MRI and MRS are established techniques for the evaluation of intracranial mass lesions and cysts. The 2.03 ppm signal recorded in their 1H-MRS spectra is often assigned to NAA from outer volume contamination, although it has also been detected in non-infiltrating tumours and large cysts. We have investigated the molecular origin of this resonance in ten samples of cystic fluids from human brain tumours. The NMR detected content of the 2.03 ppm resonance in 136ms echo time spectra, assuming an N- CH3 origin, was 3.19 ± 1.01 mM. Only one third (34 ± 12%) of the N-acetyl containing compound (NAC) signal could be extracted by perchloric acid (PCA) indicating that most of it originated in a macromolecular PCA-insoluble component. Chemical analysis of the cyst fluids showed that sialic acid bound to macromolecules would account for 64.3% and hexuronic containing compounds for 29.2% of the NMR-detectable ex vivo signal, 93.4% of the signal at TE 136ms. Lactate content measured by NMR (6.4 ± 4.4 mM) and the predominance of NAC originating in sialic acid point to a major origin from tumour rather than from plasma for this 2.03 ppm resonance.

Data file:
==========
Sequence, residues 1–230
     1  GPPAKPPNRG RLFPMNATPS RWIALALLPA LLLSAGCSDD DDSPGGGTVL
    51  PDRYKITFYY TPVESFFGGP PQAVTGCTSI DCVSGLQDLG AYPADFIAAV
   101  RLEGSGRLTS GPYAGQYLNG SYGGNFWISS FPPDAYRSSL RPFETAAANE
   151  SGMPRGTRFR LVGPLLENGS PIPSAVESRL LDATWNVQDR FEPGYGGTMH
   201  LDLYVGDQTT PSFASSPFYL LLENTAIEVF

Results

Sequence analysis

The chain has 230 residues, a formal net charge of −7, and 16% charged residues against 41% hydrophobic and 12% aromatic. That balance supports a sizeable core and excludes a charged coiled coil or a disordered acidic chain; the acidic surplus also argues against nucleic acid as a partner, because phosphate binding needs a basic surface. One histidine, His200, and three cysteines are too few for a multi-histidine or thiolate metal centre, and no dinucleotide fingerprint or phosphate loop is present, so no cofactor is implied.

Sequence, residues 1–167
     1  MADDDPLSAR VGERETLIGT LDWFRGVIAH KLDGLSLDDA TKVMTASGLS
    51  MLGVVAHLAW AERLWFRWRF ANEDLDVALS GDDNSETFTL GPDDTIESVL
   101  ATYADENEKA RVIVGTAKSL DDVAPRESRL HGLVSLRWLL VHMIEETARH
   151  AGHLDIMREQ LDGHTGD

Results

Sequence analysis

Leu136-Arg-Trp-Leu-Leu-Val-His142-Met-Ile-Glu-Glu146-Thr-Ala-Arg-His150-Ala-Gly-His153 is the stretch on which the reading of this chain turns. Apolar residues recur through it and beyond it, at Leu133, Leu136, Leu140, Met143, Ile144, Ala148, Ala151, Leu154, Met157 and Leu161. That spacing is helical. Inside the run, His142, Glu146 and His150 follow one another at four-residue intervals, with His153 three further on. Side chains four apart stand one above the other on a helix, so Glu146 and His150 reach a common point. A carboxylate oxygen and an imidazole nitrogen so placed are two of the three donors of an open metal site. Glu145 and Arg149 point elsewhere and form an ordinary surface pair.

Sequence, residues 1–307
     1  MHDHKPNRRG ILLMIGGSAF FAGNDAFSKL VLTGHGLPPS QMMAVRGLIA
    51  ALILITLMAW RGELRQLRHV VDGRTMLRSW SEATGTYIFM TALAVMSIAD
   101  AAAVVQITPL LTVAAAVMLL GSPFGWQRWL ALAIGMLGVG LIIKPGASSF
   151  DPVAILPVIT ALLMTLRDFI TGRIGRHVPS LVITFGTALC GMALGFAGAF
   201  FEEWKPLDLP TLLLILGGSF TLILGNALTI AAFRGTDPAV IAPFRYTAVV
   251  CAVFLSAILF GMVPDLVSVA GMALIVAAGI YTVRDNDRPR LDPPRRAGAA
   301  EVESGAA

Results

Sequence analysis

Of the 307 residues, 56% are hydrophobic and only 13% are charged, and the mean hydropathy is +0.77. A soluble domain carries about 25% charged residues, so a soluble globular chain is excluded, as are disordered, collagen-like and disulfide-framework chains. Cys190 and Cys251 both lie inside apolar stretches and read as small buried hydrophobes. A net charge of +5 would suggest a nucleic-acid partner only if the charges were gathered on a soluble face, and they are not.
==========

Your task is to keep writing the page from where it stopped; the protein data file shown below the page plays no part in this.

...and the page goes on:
|Journal||Magnetic Resonance Materials in Physics, Biology and Medicine|
|Publication status||Published - 1 Sep 2004|
- Brain neoplasms
- N-acetyl aspartate
- N-acetyl neuraminic acid